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Neurofeedback in ADHD: further pieces of the puzzle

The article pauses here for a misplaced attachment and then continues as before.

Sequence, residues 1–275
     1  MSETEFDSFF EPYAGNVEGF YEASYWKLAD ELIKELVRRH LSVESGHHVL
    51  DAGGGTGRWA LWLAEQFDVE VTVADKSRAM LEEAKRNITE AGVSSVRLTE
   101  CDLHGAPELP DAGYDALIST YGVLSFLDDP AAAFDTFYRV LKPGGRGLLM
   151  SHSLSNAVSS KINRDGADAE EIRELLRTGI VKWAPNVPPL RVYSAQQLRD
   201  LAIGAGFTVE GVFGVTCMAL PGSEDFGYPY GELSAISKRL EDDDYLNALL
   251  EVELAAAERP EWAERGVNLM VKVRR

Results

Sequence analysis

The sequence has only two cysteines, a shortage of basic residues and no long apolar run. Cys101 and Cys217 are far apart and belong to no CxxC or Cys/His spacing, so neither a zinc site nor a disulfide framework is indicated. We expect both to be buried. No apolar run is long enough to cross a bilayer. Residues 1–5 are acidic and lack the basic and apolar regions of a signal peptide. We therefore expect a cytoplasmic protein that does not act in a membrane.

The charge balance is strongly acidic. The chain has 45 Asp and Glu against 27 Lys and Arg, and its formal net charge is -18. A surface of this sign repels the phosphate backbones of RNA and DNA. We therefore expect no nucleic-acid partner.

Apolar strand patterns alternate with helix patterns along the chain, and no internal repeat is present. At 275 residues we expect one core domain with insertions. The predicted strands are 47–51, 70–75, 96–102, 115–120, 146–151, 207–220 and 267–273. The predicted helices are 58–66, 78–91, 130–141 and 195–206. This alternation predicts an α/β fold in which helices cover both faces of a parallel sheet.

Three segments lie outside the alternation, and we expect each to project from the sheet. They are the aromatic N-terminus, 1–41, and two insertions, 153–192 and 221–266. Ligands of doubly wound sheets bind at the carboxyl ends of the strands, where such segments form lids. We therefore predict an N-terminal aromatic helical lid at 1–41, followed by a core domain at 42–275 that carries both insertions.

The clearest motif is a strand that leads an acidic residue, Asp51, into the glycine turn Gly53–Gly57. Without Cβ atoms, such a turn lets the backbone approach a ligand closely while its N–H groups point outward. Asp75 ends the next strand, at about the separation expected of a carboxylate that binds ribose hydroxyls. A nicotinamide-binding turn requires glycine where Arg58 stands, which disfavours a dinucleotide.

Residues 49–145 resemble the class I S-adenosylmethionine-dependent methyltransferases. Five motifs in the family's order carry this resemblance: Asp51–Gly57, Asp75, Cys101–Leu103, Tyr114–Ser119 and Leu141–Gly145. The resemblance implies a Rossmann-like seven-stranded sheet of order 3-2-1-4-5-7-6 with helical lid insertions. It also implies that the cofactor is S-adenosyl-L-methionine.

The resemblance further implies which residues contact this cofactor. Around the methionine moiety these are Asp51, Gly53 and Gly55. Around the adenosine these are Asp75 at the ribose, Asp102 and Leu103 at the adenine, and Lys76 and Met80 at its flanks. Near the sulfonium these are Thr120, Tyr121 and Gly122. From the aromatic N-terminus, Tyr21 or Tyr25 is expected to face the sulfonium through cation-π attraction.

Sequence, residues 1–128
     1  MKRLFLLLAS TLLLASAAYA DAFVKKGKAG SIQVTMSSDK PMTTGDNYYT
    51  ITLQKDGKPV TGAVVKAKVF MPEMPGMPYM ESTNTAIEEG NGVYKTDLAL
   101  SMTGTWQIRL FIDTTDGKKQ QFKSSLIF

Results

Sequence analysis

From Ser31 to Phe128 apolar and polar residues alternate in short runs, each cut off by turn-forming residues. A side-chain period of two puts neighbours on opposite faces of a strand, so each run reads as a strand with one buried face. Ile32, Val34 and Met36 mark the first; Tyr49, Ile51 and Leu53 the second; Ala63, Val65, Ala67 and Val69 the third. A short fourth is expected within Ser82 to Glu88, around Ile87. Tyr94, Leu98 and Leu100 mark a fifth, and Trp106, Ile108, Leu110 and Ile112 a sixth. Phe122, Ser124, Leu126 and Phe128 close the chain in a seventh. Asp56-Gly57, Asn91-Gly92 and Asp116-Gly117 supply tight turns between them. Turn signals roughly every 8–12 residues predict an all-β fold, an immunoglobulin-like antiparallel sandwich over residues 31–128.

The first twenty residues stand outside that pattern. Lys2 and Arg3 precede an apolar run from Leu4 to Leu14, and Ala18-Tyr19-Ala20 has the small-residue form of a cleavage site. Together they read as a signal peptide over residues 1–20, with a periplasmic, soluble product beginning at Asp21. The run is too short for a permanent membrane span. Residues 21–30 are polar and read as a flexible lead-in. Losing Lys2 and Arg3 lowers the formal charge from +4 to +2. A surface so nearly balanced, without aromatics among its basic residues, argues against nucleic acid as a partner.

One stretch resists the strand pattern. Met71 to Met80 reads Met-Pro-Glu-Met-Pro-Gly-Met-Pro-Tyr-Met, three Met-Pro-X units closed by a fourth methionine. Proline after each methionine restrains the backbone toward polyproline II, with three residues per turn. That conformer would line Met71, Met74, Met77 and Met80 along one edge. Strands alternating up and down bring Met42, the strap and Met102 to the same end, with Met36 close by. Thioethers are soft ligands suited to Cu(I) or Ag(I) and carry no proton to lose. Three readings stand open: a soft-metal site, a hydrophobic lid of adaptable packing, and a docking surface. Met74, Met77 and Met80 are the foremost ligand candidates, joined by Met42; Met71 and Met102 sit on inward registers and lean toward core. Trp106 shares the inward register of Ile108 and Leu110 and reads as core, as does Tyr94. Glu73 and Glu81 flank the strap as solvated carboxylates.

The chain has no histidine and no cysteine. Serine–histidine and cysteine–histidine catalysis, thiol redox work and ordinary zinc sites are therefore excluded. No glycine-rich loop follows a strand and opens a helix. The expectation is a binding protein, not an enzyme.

Among the different neuromodulation techniques, neurofeedback (NF) is gaining increasing interest in the treatment of children with attention-deficit/hyperactivity disorder (ADHD). In this article, a methodological framework is summarised considering the training as a neuro-behavioural treatment. Randomised controlled trials are selectively reviewed. Results from two smaller-scale studies are presented with the first study comprising a tomographic analysis over the course of a slow cortical potential (SCP) training and a correlational analysis of regulation skills and clinical outcome in children with ADHD. In the second study, ADHD-related behaviour was studied in children with tic disorder who either conducted a SCP training or a theta/low-beta (12-15 Hz) training (single-blind, randomised design). Both studies provide further evidence for the specificity of NF effects in ADHD. Based on these findings, a refined model of the mechanisms contributing to the efficacy of SCP training is developed. Despite a number of open questions concerning core mechanisms, moderators and mediators, NF (theta/beta and SCP) training seems to be on its way to become a valuable and ethically acceptable module in the treatment of children with ADHD.

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